‘Not for themselves, but for the nation’: ‘The Island’, 1973-2003

By Mervyn McMurtry.

Published by The Arts Collection

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Article: Print $US10.00
Article: Electronic $US5.00

Athol Fugard, John Kani and Winston Ntshona’s ‘The Island’, a workshop play based on Sophocles’ ‘Antigone’, was first performed in South Africa in 1973. Speaking of its 1999 revival with the original performers, Peter Brook said: “What is extraordinary... is that the performers are not playing for themselves. They really are the spokesmen for their nation.” This article engages with the 1973-1975 production and 1995-2003 revival of ‘The Island’ in South Africa, Europe and the United States of America, to discuss the production’s polyvalent meaning in the different contexts in which it was (and continues to be) performed. Did the significance of the production’s revival lie in its importance as a metaphor for the freedom struggle? Thirty years after it opened, can it still, to use Fugard’s phrase, “bear witness”? Why did it achieve international resonance to become, no longer only a protest play for and about “their nation” but, to reviewers in Europe and America, “universal”, a “landmark of modern political theatre”, “part of world history”? The article contends that the person who became more and more associated with the play and the above questions was Nelson Mandela. His presence in ‘The Island’, formerly deliberately vague to avoid censorship, has recently been foregrounded. While the act of defiance “for the nation” that led to Mandela’s imprisonment was linked to Antigone's stand during apartheid, in South Africa ‘The Island’ and Robben Island have been incorporated into nation building discourse to reinforce the ways in which arts and heritage can be a focus for both remembering the past and for the transformation of society. In Europe and America, the play has been seen to “bear witness” to the plight of political prisoners, no longer in South Africa, but anywhere.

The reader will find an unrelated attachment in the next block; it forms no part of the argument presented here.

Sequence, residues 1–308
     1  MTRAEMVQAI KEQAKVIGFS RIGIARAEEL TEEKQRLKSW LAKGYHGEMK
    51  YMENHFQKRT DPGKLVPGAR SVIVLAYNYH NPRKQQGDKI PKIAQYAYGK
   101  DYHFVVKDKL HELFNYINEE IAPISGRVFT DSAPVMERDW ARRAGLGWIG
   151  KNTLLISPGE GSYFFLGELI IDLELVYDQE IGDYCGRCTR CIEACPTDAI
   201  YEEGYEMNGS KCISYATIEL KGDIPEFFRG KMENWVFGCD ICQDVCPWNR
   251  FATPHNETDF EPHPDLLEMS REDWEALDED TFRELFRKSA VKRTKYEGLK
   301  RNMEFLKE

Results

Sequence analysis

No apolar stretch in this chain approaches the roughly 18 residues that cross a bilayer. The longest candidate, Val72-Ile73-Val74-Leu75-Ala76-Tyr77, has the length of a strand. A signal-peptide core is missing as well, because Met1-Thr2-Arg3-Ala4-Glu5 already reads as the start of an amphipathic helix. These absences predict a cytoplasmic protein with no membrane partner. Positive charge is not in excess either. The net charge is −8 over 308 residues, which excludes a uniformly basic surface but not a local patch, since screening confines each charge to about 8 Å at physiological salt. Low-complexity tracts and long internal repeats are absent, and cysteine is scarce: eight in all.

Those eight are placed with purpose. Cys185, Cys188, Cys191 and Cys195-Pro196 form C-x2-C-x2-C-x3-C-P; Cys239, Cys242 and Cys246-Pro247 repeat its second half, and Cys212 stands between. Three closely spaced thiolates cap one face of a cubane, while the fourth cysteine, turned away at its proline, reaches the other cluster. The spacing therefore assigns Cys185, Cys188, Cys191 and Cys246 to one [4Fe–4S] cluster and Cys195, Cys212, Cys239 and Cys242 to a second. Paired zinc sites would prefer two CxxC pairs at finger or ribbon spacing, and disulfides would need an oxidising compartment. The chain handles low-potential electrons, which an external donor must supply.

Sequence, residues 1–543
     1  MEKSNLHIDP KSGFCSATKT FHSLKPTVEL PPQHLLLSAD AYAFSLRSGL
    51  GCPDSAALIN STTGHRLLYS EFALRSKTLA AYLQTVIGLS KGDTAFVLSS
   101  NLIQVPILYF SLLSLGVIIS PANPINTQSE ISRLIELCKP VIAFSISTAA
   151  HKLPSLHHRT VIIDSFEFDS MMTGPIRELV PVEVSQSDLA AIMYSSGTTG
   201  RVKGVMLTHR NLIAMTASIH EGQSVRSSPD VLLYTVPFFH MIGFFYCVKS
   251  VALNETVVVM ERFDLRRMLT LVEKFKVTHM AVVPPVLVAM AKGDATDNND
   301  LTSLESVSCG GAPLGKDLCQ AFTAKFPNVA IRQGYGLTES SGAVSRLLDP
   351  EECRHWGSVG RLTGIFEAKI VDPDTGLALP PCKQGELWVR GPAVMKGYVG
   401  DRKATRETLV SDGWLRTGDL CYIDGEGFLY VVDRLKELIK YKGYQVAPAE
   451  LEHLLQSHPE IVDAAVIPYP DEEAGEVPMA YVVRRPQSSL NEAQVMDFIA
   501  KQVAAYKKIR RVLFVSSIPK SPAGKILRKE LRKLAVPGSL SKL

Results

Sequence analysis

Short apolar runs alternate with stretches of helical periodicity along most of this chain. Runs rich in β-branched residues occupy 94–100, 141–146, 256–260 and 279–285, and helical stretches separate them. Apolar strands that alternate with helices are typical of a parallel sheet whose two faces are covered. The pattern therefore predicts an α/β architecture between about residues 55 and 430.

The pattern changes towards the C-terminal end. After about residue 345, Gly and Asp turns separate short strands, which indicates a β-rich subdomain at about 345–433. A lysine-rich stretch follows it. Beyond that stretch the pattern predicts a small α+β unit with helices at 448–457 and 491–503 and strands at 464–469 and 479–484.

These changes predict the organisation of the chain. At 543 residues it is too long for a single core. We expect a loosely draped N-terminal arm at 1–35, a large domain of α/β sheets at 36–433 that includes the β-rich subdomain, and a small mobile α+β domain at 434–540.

Keywords: Athol Fugard, John Kani, Winston Ntshona, The Island, Nelson Mandela, Robben Island, Apartheid, South Africa

The International Journal of the Arts in Society, Volume 1, Issue 6, pp.81-90. Article: Print (Spiral Bound). Article: Electronic (PDF File; 1.735MB).

Professor Mervyn McMurtry

Head of Programme, School of Literary Studies, Media and Creative Arts, Faculty of Humanities, University of KwaZulu-Natal, South Africa

Mervyn McMurtry’s highest professional qualification is a four year teaching diploma; his highest academic qualification is a doctorate on the history and performance of political satire in South Africa. He has presented papers at conferences in South Africa, the United Kingdom, the United States of America and Australia, and has been an External Examiner for many institutions, most recently for the University of Dar es Salaam. He has published twenty-four articles, in British, Canadian, American and South African journals, and established a theatre archive housed in the Drama programme that is constantly used by local and foreign researchers. He has won awards for a number of the thirty-five student and professional productions he has directed, the sixty he has designed, and for the thirteen art and stage design exhibitions he has participated in. Besides being active in a range of community projects and outreach programmes, he is involved in drama and theatre in education in various fields. Since his appointment as Head of the Drama and Performance Studies programme at the University of KwaZulu-Natal in 1996, he has established a South African Theatre Archive which is consulted by researchers from around the world.

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